Buffer helps users share social media content by scheduling online posts throughout the day. The company was founded in 2010, has received close to US$4 million in funding to date and currently employs 34 staff across 10 countries in a distributed employee model, although the company is headquartered in San Francisco. Buffer has about 2.4 million registered users (approx. 10% active) and just over US$500k in monthly recurring revenues.
WHY IS IT AN INTERESTING CASE STUDY ?
Although Buffer is a small technology company, it has hit the headlines due to its founders’ radical transparency. Specifically, and unlike most funded Valley startups, its financials are made totally public as part of the company’s overall management philosophy. All financial data is published regularly on Buffer’s aptly-named BufferOpen blog, and all salaries, including those of the CEO and senior management, are published in a Google sheet together with the company’s detailed compensation formula.
Why do this? According to Buffer’s CEO, Joel Gascoigne:
“Sticking to radical transparency was probably both one of the most frightening and exciting things to do over the past months. It has meant to open up and make ourselves extremely vulnerable for ideas, since they were easily accessible to everyone on the team. Let me give a few examples of where we’ve started to put more transparent workflows in place:
- Complete openness about our revenues and user numbers: Every month we publish the investor update here on the Open blog.
- Progress reports on Buffer’s customer support, Buffer blog performance, Buffer for Business performance: Holding ourselves accountable and putting all these monthly reports out there, was another big step.
- Every internal email sent between any 2 people on the team has a certain list cc’ed that is accessible for everyone: For example, if 2 engineers email with each other, they cc the engineers list, if it’s people on our customer support team they have a support email list cc’ed. Stripe was a great inspiration for this. (More about this)
- Personal self-improvement at Buffer: To make this fully transparent, we are using IDoneThis to help us share our improvements daily and keep ourselves accountable. We’ve also published more around this here.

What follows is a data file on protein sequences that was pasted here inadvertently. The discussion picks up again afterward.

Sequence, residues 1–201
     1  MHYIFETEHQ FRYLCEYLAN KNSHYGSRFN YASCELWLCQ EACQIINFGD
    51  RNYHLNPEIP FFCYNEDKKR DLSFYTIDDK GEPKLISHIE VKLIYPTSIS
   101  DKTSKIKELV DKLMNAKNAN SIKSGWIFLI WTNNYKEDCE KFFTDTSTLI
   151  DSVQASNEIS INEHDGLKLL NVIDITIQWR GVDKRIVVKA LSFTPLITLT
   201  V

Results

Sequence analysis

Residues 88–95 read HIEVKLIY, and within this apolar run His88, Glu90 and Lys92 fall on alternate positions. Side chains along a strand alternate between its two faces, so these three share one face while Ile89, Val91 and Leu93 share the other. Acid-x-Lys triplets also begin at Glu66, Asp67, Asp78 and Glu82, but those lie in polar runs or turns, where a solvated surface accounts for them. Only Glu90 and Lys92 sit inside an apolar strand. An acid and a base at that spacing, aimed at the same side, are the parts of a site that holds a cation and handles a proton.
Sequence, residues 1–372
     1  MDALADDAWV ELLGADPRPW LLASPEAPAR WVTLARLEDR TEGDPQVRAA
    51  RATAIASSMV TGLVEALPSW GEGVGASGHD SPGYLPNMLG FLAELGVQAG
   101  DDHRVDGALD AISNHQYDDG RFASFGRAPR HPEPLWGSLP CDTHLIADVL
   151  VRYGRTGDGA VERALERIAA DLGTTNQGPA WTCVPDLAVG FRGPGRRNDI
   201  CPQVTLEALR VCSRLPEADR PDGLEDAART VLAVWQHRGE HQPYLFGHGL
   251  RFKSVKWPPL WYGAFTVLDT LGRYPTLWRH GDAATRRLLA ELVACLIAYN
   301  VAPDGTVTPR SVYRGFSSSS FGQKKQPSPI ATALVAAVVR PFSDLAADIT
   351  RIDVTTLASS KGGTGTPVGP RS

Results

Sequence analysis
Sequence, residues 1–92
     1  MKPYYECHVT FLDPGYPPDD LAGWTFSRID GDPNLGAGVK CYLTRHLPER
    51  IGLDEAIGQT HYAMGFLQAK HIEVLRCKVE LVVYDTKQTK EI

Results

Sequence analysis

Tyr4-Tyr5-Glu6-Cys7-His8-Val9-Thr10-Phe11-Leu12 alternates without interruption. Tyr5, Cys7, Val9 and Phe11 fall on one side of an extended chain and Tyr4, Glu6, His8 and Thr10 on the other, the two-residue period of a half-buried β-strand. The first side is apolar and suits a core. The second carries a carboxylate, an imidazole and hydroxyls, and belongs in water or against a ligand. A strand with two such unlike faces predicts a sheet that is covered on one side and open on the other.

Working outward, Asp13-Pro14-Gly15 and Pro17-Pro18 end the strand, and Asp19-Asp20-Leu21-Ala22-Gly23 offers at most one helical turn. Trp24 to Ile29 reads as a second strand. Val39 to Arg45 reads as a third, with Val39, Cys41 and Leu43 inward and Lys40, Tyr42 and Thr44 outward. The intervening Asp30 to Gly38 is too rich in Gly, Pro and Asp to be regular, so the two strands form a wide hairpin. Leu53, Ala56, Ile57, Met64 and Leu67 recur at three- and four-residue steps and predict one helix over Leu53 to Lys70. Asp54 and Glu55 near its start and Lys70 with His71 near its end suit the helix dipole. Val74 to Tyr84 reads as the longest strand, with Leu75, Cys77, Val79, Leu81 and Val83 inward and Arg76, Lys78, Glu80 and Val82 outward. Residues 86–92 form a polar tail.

From the examples above, I often reflect on the power of transparency. I believe that it has such a unique potential to empower and inspire a team that it has largely transformed how we run Buffer.
One key reason transparency is a such a powerful value for a company’s culture is trust: Transparency breeds trust, and trust is the foundation of great teamwork.
One of the highest values we have at Buffer is transparency. We do quite a number of things internally and externally in line with this value. Transparency breeds trust, and that’s one of the key reasons for us to place such a high importance on it. Open salaries are a step towards the ultimate goal of Buffer being a completely Open Company.”
- Radical transparency builds a culture of trust.
- Openness in all internal and external communications helps build the company’s brand.
- The long-term goal of becoming an open company helps to guide business strategy.
- Adopting these ideas is much easier to do as a startup than as an established company – the real challenge will be maintaining such transparency once the company grows into the 100s, or if it comes under investor pressure.
- Open salaries: Buffer is a pioneer in this area and have taken salary transparency beyond what Whole Foods is doing by making this data public in the open – not just available within the company.
- Culture code deck: Although Buffer is not alone in publishing its company’s culture code (Netflix set the trend and Spotify also does it), they are genuinely committed to this exercise and keep their code regularly updated in the open.